GLENVILLE -- Plans to build a cluster of homes at the former site of the Woodlin Club have been withdrawn from the town planning process.
Applicant David Karasz this week pulled the controversial plans, which proposed construction of four seven-bedroom homes for people with Alzheimer's disease and similar conditions on vacant land at the end of St. Anthony Drive. The withdrawal was the right move, according to Town Supervisor Chris Koetzle, who cited neighborhood opposition and concerns about the project's appearance.
Karasz, who has built other small group homes for people with memory diseases, said he wasn't sure if he will reapply in the future.
"We're not 100 percent sure. It's withdrawn for now," Karasz said on Friday. "We're very appreciative of the town."
The town Planning and Zoning Commission granted a preliminary subdivision approval for the project in January, but the plans were criticized by neighbors. The commission had planned to host a public hearing on the project Monday night, but the matter is now off the agenda.
State law requires that community group homes — including those for people with Alzheimer's disease and other memory issues — be treated under town zoning laws as though they were single-family residences.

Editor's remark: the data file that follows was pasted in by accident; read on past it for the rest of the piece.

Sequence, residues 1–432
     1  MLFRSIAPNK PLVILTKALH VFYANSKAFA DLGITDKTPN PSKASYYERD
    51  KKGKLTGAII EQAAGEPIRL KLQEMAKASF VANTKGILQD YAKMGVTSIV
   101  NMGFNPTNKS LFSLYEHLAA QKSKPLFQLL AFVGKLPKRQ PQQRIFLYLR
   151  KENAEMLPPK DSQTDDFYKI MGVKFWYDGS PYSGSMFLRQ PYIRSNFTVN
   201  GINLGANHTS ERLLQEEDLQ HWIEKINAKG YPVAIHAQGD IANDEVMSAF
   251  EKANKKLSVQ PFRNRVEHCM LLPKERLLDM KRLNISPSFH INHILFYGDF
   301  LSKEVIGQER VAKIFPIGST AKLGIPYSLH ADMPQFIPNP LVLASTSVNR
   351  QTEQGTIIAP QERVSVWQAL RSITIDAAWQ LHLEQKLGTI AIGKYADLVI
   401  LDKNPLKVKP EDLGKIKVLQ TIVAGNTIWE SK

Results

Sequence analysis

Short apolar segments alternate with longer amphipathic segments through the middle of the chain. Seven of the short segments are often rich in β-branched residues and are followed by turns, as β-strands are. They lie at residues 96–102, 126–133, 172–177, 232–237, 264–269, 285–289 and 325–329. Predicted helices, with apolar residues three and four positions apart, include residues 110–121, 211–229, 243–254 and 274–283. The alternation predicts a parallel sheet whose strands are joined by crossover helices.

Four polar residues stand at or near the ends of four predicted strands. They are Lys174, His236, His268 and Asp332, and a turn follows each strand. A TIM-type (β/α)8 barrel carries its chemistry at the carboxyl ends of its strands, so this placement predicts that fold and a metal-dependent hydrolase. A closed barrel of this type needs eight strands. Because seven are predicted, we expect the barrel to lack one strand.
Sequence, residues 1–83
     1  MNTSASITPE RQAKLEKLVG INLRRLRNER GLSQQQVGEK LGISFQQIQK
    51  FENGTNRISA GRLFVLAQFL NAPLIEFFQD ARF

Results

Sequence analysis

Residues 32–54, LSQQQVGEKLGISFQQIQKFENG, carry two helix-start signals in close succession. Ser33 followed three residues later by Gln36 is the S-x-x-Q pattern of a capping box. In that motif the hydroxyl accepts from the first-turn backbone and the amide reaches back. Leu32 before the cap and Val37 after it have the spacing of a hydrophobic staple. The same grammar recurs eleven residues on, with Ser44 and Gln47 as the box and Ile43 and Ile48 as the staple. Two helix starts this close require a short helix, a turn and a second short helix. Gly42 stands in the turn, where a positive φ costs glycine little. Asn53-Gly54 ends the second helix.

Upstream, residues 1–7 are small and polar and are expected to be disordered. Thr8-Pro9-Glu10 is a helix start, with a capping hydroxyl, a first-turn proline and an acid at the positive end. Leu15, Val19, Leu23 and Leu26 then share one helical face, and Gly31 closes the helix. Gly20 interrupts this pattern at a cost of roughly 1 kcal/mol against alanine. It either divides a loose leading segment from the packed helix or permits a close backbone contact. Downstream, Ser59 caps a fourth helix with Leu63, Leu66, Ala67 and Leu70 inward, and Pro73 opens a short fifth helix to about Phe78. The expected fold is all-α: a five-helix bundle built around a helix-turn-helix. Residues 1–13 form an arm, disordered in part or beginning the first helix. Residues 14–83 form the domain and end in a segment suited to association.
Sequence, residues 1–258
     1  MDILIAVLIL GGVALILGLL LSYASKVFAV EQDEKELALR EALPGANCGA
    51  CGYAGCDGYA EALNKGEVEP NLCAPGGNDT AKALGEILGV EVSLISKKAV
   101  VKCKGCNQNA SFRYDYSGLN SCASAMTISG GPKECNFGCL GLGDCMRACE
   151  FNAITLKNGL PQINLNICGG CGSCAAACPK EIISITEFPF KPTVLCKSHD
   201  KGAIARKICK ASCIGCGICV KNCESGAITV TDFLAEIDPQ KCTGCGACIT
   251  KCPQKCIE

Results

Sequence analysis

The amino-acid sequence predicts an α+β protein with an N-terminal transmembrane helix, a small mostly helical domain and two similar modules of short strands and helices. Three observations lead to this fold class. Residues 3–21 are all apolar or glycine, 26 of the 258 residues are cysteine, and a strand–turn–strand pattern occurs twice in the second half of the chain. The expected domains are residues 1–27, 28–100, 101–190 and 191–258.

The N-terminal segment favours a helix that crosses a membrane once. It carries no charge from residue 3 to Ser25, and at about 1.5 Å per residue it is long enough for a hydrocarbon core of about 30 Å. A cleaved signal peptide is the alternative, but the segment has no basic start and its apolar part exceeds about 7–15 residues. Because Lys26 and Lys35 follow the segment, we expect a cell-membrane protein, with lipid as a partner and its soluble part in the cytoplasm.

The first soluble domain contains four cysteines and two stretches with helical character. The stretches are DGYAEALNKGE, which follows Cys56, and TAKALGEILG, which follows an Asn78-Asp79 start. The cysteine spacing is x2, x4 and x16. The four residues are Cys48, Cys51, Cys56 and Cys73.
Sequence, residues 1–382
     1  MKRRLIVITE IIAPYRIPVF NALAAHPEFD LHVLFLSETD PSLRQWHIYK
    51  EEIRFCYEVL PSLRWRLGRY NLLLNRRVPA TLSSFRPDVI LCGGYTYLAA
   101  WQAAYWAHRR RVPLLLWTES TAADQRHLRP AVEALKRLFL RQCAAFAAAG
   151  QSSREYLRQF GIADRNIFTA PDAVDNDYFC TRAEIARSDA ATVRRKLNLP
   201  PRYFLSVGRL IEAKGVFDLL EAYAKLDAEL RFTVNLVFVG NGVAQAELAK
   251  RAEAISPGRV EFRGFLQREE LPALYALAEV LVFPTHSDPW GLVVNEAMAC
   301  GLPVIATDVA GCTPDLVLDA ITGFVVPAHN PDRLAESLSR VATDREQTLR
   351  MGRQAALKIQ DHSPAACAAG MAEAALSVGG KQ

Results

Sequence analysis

The Woodlin Club was a private recreational organization that closed in 2011. Karasz, of Glenville, who with his wife has developed other memory care group homes in Glenville, Niskayuna and Rexford, envisioned four houses built on a new cul-de-sac near the St. Anthony's Lane end of the 11.82-acre parcel.
Construction of one of the four lots, however, was conditional on a land swap between Karasz and Schenectady County that would require approval from both the county Legislature and the state Legislature, because parkland in the county's Indian Kill Nature Preserve would have been lost to the project. The county Legislature has never taken up the issue, which would need to happen before the plans could proceed to the state Legislature.
Karasz said the prospective land swap wasn't an issue, though he did acknowledge the length of the review process was a factor in the decision to withdraw.
"I'm a big advocate of the Indian Kill Preserve, and I think the land swap in there was a terrific opportunity for the county," he said. "It's too bad we can't go forward with it at this point."
Residents who spoke against the plan raised concerns about increased traffic and ambulance calls, both issues that Karasz discounted.
"We were confused by some of the reaction," Karasz said. "This is going to be an asset to the community -- the community needs it. We love Glenville. They're our neighbors. We have lived there for 30 years."
Koetzle, however, said the town never felt the project was a good fit for the neighborhood, or that the homes would resembled single-family houses.
"It had eight parking spaces in front of each house, and they didn't have a garage," he said.
Koetzle said he would prefer to see a regular single-family subdivision on the land.